Mild Cognitive Impairment Due to Alzheimer's in New Criteria
It is difficult to know where to draw the line when deciding if someone has mild cognitive impairment (MCI), very mild Alzheimer’s disease, or mild Alzheimer’s dementia. An attempt to make the classification clearer is being considered, according to a study published Online First by Archives of Neurology, but what will a change mean to patients?
Would a classification change alter treatment?
Mild cognitive impairment is defined in a variety of ways that leaves room for interpretation. Generally, however, it is defined “by deficits in memory that do not significantly impact daily functioning,” as noted by the University of California San Francisco Memory and Aging Center.
Using this definition, problems with memory may be mild or minimal, and individuals are able to perform all their usual daily tasks and activities, such as driving, shopping, and attending social events, without any more assistance than they required in the past. Individuals with MCI do tend to have some difficulty with tasks that have many steps, however.
The new criteria for MCI, developed by a work group convened by the National Institute on Aging and the Alzheimer’s Association, allows features typically viewed as falling under the category of very mild or mild Alzheimer’s disease to be shuffled to the MCI category. For example, the criteria for MCI may including having “mild problems” while performing daily tasks such as cooking or needing assistance to complete tasks.
To evaluate how these new criteria would affect the diagnosis already given to 17,535 people with normal cognition, MCI, or Alzheimer’s disease dementia, the functional ratings of all the individuals were assessed based on the revised standards.
Using the new criteria, 99.8% of patients currently with a diagnosis of very mild Alzheimer’s disease dementia and 92.7% of those diagnosed with mild Alzheimer’s dementia could be given a new diagnosis of mild cognitive impairment.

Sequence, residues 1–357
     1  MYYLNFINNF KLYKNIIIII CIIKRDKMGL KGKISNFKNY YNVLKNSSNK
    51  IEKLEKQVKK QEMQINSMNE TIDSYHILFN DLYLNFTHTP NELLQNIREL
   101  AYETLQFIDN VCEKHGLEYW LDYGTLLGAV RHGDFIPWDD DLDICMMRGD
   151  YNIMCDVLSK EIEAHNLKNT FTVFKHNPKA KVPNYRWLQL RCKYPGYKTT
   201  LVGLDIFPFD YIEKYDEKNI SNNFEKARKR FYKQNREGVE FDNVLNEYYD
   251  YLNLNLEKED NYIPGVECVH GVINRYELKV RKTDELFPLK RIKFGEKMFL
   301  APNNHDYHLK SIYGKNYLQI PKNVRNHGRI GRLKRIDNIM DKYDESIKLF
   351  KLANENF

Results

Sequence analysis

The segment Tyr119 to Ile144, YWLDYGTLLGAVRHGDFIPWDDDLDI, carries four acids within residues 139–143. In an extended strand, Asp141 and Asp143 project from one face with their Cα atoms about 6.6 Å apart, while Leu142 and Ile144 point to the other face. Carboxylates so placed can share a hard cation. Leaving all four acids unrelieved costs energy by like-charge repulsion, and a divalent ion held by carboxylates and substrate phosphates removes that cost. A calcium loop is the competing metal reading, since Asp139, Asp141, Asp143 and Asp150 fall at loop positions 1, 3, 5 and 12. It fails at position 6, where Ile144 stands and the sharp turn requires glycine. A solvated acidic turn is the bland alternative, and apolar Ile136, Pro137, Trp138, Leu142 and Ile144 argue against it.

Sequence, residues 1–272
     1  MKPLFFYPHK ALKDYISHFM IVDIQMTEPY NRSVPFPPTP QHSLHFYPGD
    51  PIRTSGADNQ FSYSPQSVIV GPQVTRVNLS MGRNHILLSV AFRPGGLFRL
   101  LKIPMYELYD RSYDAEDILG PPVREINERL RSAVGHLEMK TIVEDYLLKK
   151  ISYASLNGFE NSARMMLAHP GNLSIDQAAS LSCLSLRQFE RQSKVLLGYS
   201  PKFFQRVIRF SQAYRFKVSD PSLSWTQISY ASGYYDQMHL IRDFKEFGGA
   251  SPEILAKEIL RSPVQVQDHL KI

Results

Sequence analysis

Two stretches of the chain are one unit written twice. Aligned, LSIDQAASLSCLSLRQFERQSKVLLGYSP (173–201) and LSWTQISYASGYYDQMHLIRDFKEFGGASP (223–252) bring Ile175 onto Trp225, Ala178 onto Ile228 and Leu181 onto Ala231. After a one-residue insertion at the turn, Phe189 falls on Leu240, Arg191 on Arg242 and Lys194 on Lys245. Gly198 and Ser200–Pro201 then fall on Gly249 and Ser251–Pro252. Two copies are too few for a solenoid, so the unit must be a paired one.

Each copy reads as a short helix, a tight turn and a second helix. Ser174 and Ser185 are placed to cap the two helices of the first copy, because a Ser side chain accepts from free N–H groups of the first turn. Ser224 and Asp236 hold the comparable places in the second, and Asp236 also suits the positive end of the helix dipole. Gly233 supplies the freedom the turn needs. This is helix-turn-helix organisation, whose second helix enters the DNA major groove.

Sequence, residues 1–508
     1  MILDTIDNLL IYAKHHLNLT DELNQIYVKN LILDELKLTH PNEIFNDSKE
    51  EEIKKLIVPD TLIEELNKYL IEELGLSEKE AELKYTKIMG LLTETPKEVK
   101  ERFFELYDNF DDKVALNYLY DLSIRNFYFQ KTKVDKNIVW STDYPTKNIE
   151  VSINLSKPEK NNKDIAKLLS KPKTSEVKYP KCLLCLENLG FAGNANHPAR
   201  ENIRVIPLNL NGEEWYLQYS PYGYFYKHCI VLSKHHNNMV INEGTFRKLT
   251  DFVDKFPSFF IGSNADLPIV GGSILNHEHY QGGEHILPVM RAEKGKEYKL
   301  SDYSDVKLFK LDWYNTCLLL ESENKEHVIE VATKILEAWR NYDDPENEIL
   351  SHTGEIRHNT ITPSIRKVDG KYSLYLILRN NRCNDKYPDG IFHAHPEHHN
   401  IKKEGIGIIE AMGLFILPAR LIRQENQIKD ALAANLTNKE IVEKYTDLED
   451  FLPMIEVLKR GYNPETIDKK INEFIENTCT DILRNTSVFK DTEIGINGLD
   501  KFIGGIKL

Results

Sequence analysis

According to John C. Morris, MD, of Washington University School of Medicine in St. Louis and the study’s sole author, the new criteria are problematic.
“The elimination of the functional boundary between MCI and AD dementia means that their distinction will be based solely on the individual judgment of clinicians,” he noted, “resulting in nonstandard and ultimately arbitrary diagnostic approaches to MCI.”
Morris also pointed out, however, that “the revised criteria for MCI laudably recommend an etiologic diagnosis, ‘MCI due to AD,’ when the clinical judgment is that AD is responsible for the cognitive dysfunction.” In fact, he noted that it’s time to accept that “’MCI due to AD’ is more appropriately recognized” as the earliest stage of Alzheimer’s.
Will the new criteria change how patients are treated? Morris explained that it is already common for doctors to treat patients who have mild cognitive impairment with drugs approved for symptomatic Alzheimer’s disease.
Morris JC. Revised criteria for mild cognitive impairment may compromise the diagnosis of Alzheimer disease dementia. Archives of Neurology 2012 Feb 6 online. DOI:10.1001/archneurol.2011.3152
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